Boca

(International building code)

(Uniform (Southern (Basic building code) building code) building code)

(adopted by local governmental authority)

Building code (Law)

(contract between society and architect/engineer)

Material specifications

(part of contract between owner and contractor)

FIGURE 9.4 Schematic of code-development process for masonry in the United States.

and other local governmental agencies. Design codes used in the United States are developed by a complex process involving technical experts, industry representatives, code users, and building officials. As this process applies to the development of design provisions for masonry, it is shown in Figure 9.4 and described herein:

1. Consensus design provisions and specifications for materials or methods of testing are first drafted in mandatory language by technical specialty organizations, operating under consensus rules approved by the American National Standards Institute (ANSI). These consensus rules can vary from organization to organization, but must include the following requirements:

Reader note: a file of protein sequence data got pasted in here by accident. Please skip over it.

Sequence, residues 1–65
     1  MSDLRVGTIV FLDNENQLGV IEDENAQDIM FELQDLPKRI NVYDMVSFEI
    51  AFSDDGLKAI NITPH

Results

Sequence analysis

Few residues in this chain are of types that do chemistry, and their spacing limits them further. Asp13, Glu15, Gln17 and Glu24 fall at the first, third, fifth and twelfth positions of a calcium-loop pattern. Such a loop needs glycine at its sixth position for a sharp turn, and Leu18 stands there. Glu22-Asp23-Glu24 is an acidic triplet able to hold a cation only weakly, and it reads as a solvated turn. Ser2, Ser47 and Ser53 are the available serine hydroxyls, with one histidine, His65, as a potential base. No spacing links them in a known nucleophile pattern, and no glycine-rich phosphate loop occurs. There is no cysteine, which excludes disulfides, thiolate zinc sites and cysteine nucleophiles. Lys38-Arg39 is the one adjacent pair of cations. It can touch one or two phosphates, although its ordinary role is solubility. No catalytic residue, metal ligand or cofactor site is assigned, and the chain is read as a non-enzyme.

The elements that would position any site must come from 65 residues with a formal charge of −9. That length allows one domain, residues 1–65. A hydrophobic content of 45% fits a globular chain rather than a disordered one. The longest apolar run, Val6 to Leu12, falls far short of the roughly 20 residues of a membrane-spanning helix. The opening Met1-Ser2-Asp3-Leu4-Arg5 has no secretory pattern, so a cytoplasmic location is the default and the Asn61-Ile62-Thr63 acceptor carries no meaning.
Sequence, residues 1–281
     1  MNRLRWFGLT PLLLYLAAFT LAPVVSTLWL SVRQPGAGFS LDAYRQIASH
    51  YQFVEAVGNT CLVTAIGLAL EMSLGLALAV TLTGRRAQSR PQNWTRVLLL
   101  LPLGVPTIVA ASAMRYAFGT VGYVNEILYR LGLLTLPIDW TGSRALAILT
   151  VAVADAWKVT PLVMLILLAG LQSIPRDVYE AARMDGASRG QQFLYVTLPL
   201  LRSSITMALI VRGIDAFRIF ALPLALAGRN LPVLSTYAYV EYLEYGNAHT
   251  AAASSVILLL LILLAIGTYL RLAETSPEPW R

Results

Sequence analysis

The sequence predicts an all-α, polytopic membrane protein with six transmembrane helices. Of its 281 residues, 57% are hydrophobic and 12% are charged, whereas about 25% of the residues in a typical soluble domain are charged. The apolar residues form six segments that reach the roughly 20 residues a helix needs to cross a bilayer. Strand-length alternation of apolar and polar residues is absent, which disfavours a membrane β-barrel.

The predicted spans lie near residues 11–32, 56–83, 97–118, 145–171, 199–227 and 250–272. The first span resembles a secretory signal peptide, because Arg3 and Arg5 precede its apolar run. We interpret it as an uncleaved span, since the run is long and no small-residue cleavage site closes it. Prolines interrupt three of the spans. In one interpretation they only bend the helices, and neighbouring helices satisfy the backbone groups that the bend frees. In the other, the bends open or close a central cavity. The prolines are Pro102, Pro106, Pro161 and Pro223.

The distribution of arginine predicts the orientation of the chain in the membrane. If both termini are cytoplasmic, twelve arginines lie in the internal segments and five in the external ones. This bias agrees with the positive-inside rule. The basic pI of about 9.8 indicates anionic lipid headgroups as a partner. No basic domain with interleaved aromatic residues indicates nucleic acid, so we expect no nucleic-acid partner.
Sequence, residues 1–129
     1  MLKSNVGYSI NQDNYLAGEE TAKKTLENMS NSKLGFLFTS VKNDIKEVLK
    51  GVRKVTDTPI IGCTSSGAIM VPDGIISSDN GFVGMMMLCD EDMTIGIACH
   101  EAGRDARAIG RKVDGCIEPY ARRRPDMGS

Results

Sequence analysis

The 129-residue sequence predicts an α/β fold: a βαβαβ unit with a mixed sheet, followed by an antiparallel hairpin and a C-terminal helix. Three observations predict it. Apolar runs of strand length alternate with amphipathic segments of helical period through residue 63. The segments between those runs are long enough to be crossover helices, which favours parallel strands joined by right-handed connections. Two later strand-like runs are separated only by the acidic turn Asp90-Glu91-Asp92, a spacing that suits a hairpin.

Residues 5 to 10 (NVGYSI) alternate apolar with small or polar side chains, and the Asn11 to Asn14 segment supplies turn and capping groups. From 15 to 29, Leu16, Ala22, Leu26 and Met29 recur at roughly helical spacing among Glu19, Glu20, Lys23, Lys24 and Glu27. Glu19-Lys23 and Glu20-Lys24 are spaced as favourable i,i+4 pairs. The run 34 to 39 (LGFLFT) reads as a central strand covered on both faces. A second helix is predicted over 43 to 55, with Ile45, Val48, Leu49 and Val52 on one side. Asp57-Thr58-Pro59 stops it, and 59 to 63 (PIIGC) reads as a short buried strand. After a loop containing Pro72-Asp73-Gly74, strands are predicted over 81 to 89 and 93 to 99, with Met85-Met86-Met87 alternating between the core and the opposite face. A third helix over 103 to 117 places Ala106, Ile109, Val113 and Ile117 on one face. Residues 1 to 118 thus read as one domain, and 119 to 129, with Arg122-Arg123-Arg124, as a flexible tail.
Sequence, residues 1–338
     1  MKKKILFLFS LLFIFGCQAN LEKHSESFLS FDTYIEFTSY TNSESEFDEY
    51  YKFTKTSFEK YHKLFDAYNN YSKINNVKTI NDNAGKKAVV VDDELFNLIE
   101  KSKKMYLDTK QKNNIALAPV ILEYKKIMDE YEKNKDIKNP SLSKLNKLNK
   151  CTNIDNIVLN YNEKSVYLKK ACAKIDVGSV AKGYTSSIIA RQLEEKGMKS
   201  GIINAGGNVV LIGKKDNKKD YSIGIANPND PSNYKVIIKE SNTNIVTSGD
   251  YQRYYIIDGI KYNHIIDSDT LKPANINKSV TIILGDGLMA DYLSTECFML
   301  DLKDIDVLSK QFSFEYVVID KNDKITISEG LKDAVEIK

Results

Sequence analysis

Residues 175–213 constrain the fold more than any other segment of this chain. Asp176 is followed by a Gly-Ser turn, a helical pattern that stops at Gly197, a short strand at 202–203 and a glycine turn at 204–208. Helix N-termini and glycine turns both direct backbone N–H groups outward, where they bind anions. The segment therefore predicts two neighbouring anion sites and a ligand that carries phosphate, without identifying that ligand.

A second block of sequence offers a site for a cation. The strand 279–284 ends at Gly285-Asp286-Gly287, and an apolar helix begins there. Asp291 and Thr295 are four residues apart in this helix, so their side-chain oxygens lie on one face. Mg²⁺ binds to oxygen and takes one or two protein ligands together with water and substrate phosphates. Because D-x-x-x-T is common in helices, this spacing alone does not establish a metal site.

• Balance of interests (producer, user, and general interest).

• Written balloting of proposed provisions, with prescribed requirements for a successful ballot.

• Resolution of negative votes. Negative votes must be discussed and found nonpersuasive before a ballot item can pass. A single negative vote, if found persuasive, can prevent an item from being passed.

• Public comment. After being approved within the technical specialty organization, the mandatory-language provisions must be published for public comment. If significant public comments are received (usually more than 50 comments on a single item), the organization must respond to the comments.